The Thomas More Society and the Alliance Defending Freedom are taking on the American Civil Liberties Union to defend the privacy and safety of thousands of Illinois students. In a season of #MeToo outcries against sexual harassment and threats, the ACLU is attempting to misuse non-discrimination provisions of the Illinois Human Rights Act (“HRA”) to dismantle student privacy at Township High School District 211.
Public School District 211, which serves the northwest Chicago suburb of Palatine, Illinois, gained national attention in 2016 when administrators granted a male student access to girls’ locker rooms when he identified himself as a transgender girl.
Students and Parents for Privacy, a group of concerned parents and students at the school, filed a federal lawsuit to defend student privacy because of that incident. The group is now seeking to intervene in a new lawsuit in Cook County, Illinois (Maday v. Township High School District 211) to defend against claims made by the ACLU under Illinois state law, specifically the HRA. On January 11, 2018, the group filed an emergency motion to intervene and motion to dismiss the case, in which the ACLU is attempting to obtain unrestricted access for a transgender student in the school’s privacy facilities, including the girls’ locker room. Thomas More Society attorneys are appearing with ADF attorneys as co-counsel.
“The ACLU is trying to convince the court that restricting locker room access to either all girls or all boys is unlawful discrimination on the basis of sexual orientation, a protected class under the HRA,” explained Thomas Olp, Senior Counsel for the Thomas More Society. “But the HRA contains an explicit privacy facility exemption allowing public accommodations, including secondary schools like District 211’s schools, to reserve such facilities to a single sex. While restricting a privacy facility to a single sex does, of course, discriminate based on sex, the HRA explicitly allows this discrimination for obvious and age-old reasons. The ACLU is attempting an end run around this exemption by arguing that the District is discriminating based on ‘sexual orientation’ — also unlawful under the HRA — even if the HRA exempts the ‘sex’ discrimination. This is not a fair reading of the HRA because privacy facility restrictions are based on sex — whether you are a male or a female — not on your sexual orientation. If the ACLU’s argument is accepted by the court, that would have the effect of reading the privacy facility exemption out of the HRA. The legislature clearly did not have this intention; otherwise it would not have written the exemption in the first place.”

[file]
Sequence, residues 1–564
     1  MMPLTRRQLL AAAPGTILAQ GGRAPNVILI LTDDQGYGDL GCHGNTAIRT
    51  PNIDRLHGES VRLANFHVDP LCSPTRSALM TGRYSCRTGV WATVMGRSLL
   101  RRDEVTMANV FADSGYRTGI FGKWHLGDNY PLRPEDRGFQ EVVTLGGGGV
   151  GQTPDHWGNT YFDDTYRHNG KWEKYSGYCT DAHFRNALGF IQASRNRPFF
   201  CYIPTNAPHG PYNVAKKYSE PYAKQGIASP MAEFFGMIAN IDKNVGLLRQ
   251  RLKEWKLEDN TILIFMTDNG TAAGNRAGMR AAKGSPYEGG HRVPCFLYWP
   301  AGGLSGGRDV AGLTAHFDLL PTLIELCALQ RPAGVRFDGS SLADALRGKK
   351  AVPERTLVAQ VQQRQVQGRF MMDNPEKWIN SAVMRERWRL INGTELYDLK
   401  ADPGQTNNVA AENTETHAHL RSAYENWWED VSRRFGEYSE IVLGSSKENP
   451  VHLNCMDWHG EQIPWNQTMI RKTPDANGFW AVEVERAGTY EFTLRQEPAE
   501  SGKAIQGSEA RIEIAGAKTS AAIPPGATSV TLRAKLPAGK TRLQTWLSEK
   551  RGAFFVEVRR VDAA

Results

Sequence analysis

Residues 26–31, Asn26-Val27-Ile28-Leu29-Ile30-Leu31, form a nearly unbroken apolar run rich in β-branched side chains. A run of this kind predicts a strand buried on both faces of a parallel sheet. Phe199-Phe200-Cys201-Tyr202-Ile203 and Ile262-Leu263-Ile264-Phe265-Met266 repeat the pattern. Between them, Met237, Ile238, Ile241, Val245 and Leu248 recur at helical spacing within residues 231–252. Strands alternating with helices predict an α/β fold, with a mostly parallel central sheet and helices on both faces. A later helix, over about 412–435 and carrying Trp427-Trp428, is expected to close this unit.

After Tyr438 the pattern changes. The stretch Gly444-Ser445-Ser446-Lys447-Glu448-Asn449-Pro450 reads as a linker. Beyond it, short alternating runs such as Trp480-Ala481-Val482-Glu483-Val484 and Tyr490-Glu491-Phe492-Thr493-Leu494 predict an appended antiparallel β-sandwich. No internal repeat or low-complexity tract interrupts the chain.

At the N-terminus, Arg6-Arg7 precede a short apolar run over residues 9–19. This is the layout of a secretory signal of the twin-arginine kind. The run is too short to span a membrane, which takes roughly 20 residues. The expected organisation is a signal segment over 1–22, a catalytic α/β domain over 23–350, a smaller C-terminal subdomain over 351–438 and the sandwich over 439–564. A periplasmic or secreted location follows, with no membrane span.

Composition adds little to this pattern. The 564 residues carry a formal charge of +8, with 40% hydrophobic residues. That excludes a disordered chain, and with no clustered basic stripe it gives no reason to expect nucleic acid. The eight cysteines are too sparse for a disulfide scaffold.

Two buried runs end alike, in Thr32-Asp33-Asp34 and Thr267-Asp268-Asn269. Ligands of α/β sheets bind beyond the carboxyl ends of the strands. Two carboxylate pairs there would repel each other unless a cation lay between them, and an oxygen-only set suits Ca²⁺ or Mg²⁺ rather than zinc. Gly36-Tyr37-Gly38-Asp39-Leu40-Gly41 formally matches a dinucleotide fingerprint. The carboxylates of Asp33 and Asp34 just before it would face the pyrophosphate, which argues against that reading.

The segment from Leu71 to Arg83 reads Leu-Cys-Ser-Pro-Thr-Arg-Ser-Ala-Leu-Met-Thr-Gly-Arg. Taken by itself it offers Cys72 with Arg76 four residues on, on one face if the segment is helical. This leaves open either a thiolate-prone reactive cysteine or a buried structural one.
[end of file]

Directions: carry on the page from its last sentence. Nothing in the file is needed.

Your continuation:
Students and Parents for Privacy and the Thomas More Society are requesting intervention in the lawsuit in order to protect the HRA exemption. Olp said, “We believe the State of Illinois, when it decided in 2005 to protect students with gender dysphoria from unfair discrimination, never intended to disturb its time-immemorial policy to allow sex-restricted bathrooms, shower facilities, and locker rooms. Since the HRA explicitly protects this position, the plaintiff should direct argument not to the court, but to the Legislature to seek a change in the HRA.”
Olp continued, “The ACLU’s argument, if accepted, would also ride roughshod over the legitimate privacy interests of the majority of students at the school to satisfy the desires of a tiny fraction of students suffering from gender dysphoria. This is unfair. Such students deserve our compassion and enjoy protection of the HRA, but that protection ends at the privacy facility door, we think. That is a proper accommodation of all students’ interests. It is ironic that while District 211 claims it has bent over backwards to accommodate the plaintiff, all it has earned for its effort is a lawsuit claiming that only totally unfettered access to privacy facilities will satisfy the plaintiff. This position goes too far, we believe, and should be resisted as being unreasonable, unfair to the common good of the school, and contrary to law. The HRA should be enforced as written.”
Read the “Verified Emergency Petition of Students and Parents for Privacy for Leave to Intervene as of Right or Alternatively by Permission, and Memorandum of Law in Support Thereof,” which includes a motion to dismiss, filed in Maday v. Township High School District 211 by the Thomas More Society on behalf of Students and Parents for Privacy on January 11, 2018, in the Circuit Court of Cook County, Illinois County Department – Chancery Division here
Read additional background on the federal Palatine school case here